(On Cable TV, April 2017) When I say that my pet name for Sex and the City 2 would be “Middle-Aged Women Wish Fulfillment: The Sequel”, I’m not being as dismissive as you may think. For all of the middle-aged male wish fulfillment out there (and 2011 did have its own gender-flipped Dubai-set fantasy in Impossible Mission: Ghost Protocol except no one called it “male wish fulfillment”), there is a need for other kinds of escapist fantasies in cinema. Sex and the City 2 is aimed at a particular audience, and in that context I encourage it to be as pandering as possible given that I’m already getting plenty of pandering for my own demographic subset, thank you. This being said, I can’t in good conscience let the film skate away on the highly problematic sequences that it contains. Never mind the length of the movie, low-octane romantic stakes, general faux pas in making romantic sequels, first-world problems and over-privileged heroines: There’s a lot worse to be found in the way our four protagonists head over to Dubai on someone else’s dime, are lavishly served by indentured servants, flaunt local conventions like ugly Americans and are shocked when there are consequences to what they do. There is a particularly baffling sequence toward the end that has Kim Cattrall’s character acting out in ways that aren’t just offensive to hardline conservative but to anyone with the slightest bit of sense and respect. Sex and the City 2 tries to have it both ways as well, first as vicarious living in luxurious quarters, then by acknowledging the ugly underside of this luxury, then portraying its protagonists as victims of the trouble that they themselves get into. As much as I’d like to like the film (snip away much of the third quarter and it becomes far more palatable), at worst Sex and the City 2 tries to impose its own artificial materialistic/hedonistic values on a clearly identified Other and at best settles for an obnoxious fantasy. And I say this as someone who likes Sarah Jessica Parker, Chris Noth and the others. What a let-down.
(On TV, January 2017) You could retitle Sex and the City as “Wish Fulfillment for Middle-Aged Women: The Movie” and I’m not sure it would be entirely dismissive. But I’m being too harsh: I’m not in the target audience for the series to which this is a follow-up, and even I have to admit that there is a contagious enthusiasm to the movie’s most entertaining moment. Shopping, trips, contentment and inner peace—what’s not to like, even though the details may differ? Watching this as someone with only the barest knowledge of the TV show (to the point of: “Wow, I did not expect that much sex/nudity in a movie called Sex in the City!”) is strange—while the film doesn’t forget to have a plot, it’s often bare-bones in the way it presents its characters or moves them through the motions of their dramatic arc. There are lengthy digressions simply to scratch the wish fulfillment of its audience. It boldly sets off to hyper-consumption for no other reason than it can do so. And yet, and yet … it works. It’s a good time. It’s the kind of movie that reassures you that there is good in the world, even though it may be more easily attainable with a credit card with a ludicrously high limit. Sarah Jessica Parker is very likable in the main role despite odd script-dictated behaviour, and Kim Cattrall remains the most interesting of the three other main cast members, while Chris Noth remains the ultimate Mr. Big. Sex and the City may be a wish fulfillment film, but then again so are most big-budget movies—and for some strange reasons, few movie critics ever mention how we should be dismissing action films as power fantasies of seeing average guys shooting terrorists in the head to save the world/wife/kids. From that perspective, Sex and the City is a welcome complement.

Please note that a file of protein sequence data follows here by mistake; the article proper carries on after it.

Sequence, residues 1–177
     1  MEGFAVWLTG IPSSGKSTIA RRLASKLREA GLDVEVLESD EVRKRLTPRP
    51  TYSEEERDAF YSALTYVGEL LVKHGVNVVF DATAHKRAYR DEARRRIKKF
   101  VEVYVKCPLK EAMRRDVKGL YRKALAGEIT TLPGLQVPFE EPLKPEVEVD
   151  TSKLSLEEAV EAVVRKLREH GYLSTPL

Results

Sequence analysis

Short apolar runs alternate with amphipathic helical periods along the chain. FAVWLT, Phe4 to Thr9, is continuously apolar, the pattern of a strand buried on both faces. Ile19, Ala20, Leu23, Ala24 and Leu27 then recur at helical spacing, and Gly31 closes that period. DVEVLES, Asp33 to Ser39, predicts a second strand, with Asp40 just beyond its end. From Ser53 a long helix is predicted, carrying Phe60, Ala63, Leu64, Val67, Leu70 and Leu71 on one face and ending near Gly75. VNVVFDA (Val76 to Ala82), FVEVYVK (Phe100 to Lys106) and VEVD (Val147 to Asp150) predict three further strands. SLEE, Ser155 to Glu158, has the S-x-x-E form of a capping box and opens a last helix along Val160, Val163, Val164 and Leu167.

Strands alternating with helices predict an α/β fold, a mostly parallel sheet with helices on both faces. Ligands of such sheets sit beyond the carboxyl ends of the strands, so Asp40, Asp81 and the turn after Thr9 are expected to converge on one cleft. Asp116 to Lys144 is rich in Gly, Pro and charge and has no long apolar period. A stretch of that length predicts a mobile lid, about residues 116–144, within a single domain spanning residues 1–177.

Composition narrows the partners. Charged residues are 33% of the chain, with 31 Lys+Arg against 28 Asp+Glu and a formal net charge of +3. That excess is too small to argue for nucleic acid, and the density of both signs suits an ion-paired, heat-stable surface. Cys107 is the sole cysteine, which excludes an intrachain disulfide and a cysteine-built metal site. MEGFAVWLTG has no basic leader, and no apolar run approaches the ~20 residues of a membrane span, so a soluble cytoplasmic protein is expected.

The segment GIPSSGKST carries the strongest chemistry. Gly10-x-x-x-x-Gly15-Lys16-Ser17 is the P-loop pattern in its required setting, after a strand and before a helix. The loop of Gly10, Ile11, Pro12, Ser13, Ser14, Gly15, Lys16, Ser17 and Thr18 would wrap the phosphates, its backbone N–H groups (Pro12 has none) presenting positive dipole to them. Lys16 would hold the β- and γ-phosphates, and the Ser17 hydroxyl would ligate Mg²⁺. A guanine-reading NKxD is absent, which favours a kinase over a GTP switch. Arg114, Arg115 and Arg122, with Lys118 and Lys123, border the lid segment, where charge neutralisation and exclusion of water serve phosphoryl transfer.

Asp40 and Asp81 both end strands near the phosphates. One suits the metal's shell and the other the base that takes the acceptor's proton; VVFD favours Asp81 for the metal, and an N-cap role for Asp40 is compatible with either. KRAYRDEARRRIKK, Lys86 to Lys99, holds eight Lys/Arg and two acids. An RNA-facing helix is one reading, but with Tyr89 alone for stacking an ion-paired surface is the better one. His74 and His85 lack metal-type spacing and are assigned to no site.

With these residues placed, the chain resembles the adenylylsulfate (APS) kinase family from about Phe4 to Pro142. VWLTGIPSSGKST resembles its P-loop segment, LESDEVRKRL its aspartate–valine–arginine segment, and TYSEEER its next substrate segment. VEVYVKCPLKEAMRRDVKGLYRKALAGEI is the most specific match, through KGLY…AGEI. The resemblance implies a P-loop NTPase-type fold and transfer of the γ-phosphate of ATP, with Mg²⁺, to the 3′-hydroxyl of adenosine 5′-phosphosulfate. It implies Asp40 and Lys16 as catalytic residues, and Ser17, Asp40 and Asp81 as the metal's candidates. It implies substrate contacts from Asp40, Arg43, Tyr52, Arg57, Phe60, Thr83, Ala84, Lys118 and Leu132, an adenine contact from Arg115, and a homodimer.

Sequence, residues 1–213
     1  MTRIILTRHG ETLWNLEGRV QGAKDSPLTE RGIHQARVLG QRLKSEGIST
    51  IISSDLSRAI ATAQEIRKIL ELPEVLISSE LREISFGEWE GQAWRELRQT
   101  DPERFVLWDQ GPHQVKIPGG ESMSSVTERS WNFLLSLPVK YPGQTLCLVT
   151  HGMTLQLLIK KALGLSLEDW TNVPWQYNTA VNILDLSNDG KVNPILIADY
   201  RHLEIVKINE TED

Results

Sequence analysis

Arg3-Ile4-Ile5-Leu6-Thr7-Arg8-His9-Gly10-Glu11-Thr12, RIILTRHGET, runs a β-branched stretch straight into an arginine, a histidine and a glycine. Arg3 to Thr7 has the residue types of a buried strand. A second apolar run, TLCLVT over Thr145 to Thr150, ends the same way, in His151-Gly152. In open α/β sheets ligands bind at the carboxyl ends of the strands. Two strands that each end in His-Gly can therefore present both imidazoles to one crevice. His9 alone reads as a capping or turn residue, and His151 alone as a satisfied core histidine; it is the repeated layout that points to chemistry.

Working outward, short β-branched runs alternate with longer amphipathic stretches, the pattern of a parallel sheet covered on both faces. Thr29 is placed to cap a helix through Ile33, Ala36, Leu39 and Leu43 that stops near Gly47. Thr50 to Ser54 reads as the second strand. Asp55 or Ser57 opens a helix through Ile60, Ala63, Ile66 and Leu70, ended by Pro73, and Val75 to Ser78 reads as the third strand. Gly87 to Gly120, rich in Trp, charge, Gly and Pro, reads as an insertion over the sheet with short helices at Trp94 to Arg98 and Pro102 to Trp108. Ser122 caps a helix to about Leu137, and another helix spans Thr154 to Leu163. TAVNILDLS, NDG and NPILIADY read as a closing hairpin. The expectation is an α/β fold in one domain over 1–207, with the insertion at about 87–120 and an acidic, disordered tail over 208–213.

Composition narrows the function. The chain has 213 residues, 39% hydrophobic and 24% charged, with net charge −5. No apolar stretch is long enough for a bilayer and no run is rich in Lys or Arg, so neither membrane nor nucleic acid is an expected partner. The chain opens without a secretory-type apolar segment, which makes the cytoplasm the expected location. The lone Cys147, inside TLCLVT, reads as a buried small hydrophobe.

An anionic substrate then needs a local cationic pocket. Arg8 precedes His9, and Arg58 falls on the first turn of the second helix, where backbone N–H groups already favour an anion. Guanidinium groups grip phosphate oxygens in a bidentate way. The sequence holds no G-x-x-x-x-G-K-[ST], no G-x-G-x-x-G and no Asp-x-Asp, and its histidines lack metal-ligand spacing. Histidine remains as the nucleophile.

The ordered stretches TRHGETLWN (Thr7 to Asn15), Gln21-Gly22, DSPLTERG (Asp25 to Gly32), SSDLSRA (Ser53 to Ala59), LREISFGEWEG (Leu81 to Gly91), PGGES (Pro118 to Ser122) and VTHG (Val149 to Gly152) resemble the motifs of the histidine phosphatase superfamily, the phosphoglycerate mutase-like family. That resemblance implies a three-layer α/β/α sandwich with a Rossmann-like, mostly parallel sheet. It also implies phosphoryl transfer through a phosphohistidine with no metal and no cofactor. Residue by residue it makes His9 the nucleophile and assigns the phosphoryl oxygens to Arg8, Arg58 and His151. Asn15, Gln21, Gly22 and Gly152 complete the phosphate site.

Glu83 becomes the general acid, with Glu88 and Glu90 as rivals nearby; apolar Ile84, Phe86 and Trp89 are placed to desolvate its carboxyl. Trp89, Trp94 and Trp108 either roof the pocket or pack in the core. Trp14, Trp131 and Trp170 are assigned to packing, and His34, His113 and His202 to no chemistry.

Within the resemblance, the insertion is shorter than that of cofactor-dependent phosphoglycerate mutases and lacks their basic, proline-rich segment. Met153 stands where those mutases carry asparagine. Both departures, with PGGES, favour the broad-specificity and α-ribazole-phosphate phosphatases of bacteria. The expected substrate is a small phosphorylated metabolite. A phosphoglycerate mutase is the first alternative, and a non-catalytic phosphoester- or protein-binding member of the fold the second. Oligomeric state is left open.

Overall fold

(On DVD, June 2011) For decades, Porky’s kept a place in film history as an unexpected answer to the question “What’s the highest-grossing Canadian movie of all time?” It isn’t much of a claim to fame, but it got me interested enough to give it a look. What has made it to 2011 isn’t much of a classic. Porky’s isn’t particularly raunchy by the standards of the films it influenced, but it’s certainly unsophisticated, low-budget, scattered and badly structured. The plot often goes away for a while, returning in-between practical joke set-pieces and other slice of 1950s life as seen from the early eighties. Feeling a bit long even at 94 minutes, the film is almost pathologically male-centric (women characters are either jokes or cyphers), and feels bigoted even despite some lip-service paid to race-blind male bonding. Still, there’s something almost endearing about the hormone-driven characters, the carefree atmosphere of movie comedy high-schools and the low-stakes nature of the subplots. There’s also a pleasing quality to the abundant dialogue between the characters, and a nice fluidity to the way the camera moves in a few scenes. As far as historical impact goes, Kim Cattrall makes a howling impression in a secondary role; more seriously, you can almost see in Porky’s the blueprint for countless other teenage sex comedies leading straight to American Pie and its ilk. It’s neither particularly sophisticated nor memorable, but it’s not an entire waste of time. The “25th anniversary Edition” DVD has no extra features (not even subtitles) and the picture often shows signs of digital over-compression, which is enough to make anyone wonder how bad the regular DVD edition can be.